SOURCE: Association of Public Health Laboratories (APHL)

Association of Public Health Laboratories (APHL)

October 04, 2011 08:51 ET

Ten Years After Anthrax Attacks, Public Health Laboratory System Eroding due to Funding Cuts

SILVER SPRING, MD--(Marketwire - Oct 4, 2011) - On the tenth anniversary of the anthrax attacks that followed 9/11, the US laboratory network that tested over 125,000 samples for the deadly bacterium is eroding. Proud of the thorough and rapid response of its members, the Association of Public Health Laboratories (APHL) is now concerned that investment in laboratory capacity could hinder a similar response during a future crisis.

A paper released today by APHL traces the evolution of the Laboratory Response Network (LRN) as the nation's system for laboratory response to all hazards and its declining capacity as a result of funding cuts. Becoming operational in August 1999, the LRN -- a multi-tiered network of laboratories with standardized protocols for handling and testing potential agents of terrorism -- was established by APHL, CDC and the Federal Bureau of Investigation. When a real threat presented itself on September 11, 2001, the LRN went into a high state of alert. That threat became even more real on October 2nd of that year when a possible case of inhalational anthrax was found in Florida.

The major source of federal preparedness funding for the labs that make up the LRN, the Public Health Emergency Preparedness (PHEP) Cooperative Agreement, has been cut by one-third since its peak in the years following the anthrax attacks (nearly $1 billion to approximately $632 million). The current House of Representatives' version of the Pandemic and All Hazard Preparedness Act would set funding at $632 million for the next five years. Other grants and cooperative agreements that fund laboratory preparedness also face cuts.

"The whole infrastructure is being eroded," said Eric Blank, DrPH, whose historical perspective stretches back nearly 40 years as former head of the Missouri State Public Health Laboratory and APHL's current director of public health systems.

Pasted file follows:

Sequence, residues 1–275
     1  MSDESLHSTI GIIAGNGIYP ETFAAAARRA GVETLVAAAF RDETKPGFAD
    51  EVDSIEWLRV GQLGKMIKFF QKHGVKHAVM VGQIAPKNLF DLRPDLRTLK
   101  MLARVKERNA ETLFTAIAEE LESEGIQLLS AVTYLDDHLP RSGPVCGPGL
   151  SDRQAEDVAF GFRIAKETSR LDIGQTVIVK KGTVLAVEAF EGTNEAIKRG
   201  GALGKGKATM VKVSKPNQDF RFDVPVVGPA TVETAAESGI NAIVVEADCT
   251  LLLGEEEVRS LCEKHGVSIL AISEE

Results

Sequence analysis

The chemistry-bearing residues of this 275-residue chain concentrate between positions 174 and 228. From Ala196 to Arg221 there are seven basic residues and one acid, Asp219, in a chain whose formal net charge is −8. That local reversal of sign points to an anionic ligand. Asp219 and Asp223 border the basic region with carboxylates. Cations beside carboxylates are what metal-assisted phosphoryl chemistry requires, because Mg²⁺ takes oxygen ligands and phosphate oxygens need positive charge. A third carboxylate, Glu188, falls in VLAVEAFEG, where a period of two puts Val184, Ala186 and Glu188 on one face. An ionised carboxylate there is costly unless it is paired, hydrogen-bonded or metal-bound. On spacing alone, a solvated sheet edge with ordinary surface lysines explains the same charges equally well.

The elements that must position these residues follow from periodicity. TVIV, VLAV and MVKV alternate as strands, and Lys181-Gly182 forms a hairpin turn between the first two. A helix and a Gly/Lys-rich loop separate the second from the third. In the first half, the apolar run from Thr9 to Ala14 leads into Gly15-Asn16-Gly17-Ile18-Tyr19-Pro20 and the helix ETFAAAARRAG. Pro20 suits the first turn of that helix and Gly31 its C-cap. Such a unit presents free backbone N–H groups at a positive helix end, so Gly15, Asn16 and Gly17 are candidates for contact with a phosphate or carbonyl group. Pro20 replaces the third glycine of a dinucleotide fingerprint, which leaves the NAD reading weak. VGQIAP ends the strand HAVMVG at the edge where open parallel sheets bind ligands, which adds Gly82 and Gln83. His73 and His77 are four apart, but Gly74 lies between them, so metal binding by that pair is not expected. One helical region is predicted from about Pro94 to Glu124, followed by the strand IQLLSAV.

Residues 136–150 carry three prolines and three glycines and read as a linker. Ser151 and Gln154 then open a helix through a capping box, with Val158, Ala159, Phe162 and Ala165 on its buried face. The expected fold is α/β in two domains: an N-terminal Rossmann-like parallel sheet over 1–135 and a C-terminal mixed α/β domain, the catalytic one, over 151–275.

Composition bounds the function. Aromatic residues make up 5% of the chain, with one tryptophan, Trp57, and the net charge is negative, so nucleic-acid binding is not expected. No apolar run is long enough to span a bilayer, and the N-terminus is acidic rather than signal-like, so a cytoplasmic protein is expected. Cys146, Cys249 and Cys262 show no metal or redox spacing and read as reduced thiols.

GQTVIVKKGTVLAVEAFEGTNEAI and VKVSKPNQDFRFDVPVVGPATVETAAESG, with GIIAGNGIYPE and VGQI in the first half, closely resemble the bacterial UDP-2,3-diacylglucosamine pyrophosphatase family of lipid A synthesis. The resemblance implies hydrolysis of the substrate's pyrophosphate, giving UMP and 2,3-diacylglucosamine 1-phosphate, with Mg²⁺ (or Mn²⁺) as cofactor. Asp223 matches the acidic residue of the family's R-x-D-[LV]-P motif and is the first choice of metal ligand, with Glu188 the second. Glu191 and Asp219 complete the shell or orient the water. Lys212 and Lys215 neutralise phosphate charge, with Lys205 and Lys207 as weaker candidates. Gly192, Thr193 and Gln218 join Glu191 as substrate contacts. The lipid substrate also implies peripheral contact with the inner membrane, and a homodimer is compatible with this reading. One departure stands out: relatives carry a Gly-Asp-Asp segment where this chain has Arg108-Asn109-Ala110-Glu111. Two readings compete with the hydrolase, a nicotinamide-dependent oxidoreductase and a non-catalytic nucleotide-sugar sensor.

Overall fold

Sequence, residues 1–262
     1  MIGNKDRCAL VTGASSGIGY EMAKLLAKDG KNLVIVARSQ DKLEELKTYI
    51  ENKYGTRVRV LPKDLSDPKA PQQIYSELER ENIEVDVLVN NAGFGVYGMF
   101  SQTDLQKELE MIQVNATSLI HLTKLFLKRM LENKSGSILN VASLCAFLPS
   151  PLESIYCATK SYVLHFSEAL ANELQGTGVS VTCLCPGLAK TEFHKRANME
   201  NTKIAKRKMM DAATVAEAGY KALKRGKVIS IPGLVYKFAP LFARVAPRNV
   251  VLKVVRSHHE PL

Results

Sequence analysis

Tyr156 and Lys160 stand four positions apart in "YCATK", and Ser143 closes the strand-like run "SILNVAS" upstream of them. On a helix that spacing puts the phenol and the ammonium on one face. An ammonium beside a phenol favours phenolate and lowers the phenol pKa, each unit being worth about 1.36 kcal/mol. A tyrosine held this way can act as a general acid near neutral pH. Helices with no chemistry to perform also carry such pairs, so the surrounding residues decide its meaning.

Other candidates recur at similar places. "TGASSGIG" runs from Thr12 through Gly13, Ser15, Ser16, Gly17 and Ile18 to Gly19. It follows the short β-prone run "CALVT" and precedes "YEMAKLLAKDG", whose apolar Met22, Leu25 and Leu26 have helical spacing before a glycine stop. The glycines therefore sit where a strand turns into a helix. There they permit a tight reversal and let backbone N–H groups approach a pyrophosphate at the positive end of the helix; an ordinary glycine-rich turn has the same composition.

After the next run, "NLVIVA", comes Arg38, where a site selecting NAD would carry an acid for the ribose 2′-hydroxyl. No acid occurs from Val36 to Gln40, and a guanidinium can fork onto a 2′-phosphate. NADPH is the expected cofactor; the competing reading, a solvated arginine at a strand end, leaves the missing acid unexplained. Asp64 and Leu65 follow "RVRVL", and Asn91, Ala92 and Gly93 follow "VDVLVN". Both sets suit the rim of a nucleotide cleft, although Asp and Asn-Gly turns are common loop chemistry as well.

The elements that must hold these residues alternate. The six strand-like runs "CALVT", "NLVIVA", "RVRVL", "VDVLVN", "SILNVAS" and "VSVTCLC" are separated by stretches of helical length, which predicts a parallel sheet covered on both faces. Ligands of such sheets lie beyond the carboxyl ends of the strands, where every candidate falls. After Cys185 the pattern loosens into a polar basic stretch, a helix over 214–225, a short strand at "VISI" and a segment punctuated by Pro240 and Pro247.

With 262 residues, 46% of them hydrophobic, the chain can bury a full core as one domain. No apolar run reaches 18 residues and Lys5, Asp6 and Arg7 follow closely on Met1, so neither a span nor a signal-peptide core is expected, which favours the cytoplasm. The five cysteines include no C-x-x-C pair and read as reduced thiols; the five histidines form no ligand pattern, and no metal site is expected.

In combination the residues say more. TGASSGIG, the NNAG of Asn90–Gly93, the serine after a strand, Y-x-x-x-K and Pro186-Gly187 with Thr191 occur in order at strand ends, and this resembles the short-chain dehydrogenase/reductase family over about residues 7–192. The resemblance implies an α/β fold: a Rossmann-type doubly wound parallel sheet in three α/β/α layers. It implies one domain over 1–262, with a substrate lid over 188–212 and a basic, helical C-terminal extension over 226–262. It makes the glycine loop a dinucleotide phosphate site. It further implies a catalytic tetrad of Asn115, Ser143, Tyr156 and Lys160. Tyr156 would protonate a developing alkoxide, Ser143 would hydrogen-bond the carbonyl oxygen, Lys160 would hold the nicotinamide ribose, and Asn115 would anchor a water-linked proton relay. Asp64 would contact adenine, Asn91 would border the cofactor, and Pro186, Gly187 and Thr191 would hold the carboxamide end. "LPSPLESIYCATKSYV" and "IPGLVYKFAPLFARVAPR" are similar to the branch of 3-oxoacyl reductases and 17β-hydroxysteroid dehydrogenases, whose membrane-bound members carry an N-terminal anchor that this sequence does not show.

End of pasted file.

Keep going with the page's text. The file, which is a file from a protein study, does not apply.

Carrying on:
He continued, "I quite frankly -- and this is my personal opinion -- I'm really worried about the next pandemic or the next emergency situation. And here's why: The public health laboratory community will do everything it can to respond. But, we saw hints of cracks even in our H1N1 response, which was a good response. And the next time, when we don't have all our tools and all our staff and all our capabilities, we're not going to be able to do it."

Public health laboratories perform emergency testing routinely. Between August 10, 2009 and August 9, 2010, the 51 state and DC laboratories received nearly 3,500 samples suspected of contamination with biological, chemical or radiological threat agents. There were more than 500 threat letters alone. And yet public health laboratories are on the cusp of losing the infrastructure that enables this work.

The Association of Public Health Laboratories is a national non-profit located in Silver Spring, MD, that is dedicated to working with members to strengthen governmental laboratories with a public health mandate. By promoting effective programs and public policy, APHL strives to provide public health laboratories with the resources and infrastructure needed to protect the health of US residents and to prevent and control disease globally.

Contact Information